Shakeout Earthquake Drill helpful practice, survey results show
The campus-wide survey results from the Shakeout exercise are available.
Results taken from a survey after last October's Shakeout earthquake drill indicate that nearly 40 percent of Green River employees and students feel that the exercise helped them realize that they are prepared for an earthquake and its aftereffects.
Thirty-six percent of respondents indicated that they learned they should spend more time planning for an earthquake and its aftereffects.
In general, almost 31.7 percent of survey participants rated the exercise very good; 11.2 percent rated it excellent; 29.2 rated it good; 18.6 rated it fair; and 9.3 percent of respondents gave the exercise a poor rating.
The drill also exposed some weak points in the college's emergency messaging. In the comments section, students and employees remarked that the drill notification is inaudible in certain areas of campus, such as some LSC rooms, the Holman Library, and Science Center hallways. Some staff members reported not being able to hear the phone announcements.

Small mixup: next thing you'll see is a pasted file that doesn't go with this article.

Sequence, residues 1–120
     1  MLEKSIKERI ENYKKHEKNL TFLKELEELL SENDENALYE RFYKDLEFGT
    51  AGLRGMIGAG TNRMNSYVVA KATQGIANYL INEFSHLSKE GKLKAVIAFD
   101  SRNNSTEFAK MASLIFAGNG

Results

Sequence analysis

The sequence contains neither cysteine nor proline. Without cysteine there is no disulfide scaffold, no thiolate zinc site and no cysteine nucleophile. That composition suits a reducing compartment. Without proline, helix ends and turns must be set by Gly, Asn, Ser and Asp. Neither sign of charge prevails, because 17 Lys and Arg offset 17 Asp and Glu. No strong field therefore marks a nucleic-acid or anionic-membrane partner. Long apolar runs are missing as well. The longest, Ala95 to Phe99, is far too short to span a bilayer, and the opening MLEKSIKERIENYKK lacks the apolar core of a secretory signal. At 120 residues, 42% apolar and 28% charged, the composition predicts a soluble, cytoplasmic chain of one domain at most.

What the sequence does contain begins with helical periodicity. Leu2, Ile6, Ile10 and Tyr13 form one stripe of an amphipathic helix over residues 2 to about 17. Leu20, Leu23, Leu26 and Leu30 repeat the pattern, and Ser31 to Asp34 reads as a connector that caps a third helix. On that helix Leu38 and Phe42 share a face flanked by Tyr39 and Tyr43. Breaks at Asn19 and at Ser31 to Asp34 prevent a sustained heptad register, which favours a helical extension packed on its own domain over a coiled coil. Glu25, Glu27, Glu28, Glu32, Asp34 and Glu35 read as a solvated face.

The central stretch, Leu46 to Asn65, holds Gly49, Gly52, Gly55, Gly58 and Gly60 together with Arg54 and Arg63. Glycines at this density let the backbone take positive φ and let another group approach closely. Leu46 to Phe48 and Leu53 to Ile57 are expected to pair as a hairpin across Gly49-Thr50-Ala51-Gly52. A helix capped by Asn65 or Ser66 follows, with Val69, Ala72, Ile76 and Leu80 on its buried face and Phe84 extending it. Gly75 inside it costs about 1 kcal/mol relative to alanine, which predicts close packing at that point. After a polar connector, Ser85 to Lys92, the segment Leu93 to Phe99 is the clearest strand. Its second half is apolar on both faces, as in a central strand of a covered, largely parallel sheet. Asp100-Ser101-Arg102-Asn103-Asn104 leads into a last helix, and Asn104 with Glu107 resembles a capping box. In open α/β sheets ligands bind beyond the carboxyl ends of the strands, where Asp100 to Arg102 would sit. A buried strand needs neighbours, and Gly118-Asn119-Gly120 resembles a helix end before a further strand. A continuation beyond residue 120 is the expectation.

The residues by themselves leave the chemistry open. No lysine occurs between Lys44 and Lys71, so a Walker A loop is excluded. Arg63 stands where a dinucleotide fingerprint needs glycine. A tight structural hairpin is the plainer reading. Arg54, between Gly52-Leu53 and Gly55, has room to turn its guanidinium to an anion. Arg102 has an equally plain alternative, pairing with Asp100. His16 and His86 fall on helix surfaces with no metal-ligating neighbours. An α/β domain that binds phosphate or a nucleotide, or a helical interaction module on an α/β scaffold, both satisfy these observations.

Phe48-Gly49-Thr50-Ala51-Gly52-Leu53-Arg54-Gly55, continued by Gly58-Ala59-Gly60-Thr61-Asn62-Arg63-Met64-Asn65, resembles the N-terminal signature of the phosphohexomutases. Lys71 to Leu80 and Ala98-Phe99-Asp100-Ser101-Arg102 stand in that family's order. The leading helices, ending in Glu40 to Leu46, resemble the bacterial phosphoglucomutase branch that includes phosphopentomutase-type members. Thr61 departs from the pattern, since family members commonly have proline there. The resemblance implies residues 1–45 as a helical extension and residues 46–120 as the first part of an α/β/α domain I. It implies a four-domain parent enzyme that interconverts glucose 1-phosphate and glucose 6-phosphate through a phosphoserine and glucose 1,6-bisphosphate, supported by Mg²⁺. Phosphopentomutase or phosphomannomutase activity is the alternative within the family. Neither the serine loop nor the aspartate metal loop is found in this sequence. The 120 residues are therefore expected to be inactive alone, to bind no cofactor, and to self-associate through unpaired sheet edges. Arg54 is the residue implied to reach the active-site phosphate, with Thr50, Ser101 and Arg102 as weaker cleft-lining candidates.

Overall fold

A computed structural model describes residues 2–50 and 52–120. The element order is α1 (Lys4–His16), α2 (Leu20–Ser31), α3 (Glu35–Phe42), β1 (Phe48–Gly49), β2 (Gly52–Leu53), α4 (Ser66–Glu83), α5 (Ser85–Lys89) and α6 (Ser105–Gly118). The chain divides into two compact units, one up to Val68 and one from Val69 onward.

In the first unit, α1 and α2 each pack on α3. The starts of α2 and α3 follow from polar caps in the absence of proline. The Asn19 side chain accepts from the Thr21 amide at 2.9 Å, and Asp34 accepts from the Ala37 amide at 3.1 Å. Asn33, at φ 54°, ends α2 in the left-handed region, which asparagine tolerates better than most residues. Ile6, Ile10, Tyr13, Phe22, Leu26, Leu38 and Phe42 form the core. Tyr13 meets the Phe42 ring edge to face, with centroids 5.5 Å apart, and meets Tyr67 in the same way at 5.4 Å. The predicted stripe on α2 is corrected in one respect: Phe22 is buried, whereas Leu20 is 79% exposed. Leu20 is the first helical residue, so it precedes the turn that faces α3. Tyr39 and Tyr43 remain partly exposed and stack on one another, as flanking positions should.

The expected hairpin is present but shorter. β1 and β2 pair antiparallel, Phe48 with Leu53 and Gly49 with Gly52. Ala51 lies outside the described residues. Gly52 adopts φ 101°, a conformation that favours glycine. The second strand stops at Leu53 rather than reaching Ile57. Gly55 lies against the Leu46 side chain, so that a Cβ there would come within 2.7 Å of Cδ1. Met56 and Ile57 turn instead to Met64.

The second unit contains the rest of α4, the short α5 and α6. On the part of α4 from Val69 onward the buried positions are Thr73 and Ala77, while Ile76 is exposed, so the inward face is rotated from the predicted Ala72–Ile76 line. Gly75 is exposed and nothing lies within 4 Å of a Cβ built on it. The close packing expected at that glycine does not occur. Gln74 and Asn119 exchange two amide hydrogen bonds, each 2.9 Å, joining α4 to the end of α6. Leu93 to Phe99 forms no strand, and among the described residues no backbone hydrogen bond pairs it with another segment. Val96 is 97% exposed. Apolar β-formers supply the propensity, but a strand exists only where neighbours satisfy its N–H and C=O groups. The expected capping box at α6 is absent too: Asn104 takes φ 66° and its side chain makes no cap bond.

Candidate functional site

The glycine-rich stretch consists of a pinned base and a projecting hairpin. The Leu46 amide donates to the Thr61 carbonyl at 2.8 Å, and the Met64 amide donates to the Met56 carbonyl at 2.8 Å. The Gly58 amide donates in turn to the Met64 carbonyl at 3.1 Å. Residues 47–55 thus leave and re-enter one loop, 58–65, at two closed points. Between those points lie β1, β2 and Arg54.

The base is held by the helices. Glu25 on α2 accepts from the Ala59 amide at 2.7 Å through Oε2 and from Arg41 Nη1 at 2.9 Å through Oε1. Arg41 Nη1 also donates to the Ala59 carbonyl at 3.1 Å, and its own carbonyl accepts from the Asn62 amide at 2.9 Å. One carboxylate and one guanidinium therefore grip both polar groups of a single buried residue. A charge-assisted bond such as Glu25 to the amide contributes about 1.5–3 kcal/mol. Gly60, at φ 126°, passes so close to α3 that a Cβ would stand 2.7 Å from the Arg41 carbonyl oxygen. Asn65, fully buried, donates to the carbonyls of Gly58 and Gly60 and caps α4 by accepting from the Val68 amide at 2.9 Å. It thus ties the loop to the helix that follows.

The drill encouraged participants to think about their actions during and after an emergency such as an earthquake. People were encouraged to review and update their own emergency preparedness plans, check supplies and secure work and living spaces to lessen the chances of damage and injuries. Resources and direction can be found on The Great Washington ShakeOut website.
Some notable survey comments include:
Taking a moment to think about my surroundings was helpful.
Will formalize more emergency preparedness/resiliency activities/plans for the entire division.
The drill covered getting under something during an earthquake, but it didn't cover what to do after the earthquake.
What is my building's plan of action?
I was dismayed that many staff totally ignored the drill while I got under my desk in a staff area!
The drill involved getting under tables for a minute. Follow up drills should focus on how to manage when you are surrounded by broken glass and rubble, jammed phone lines and injuries.
Not everyone takes safety precautions and ridicules the ones who do.
Read the full survey to read the full response.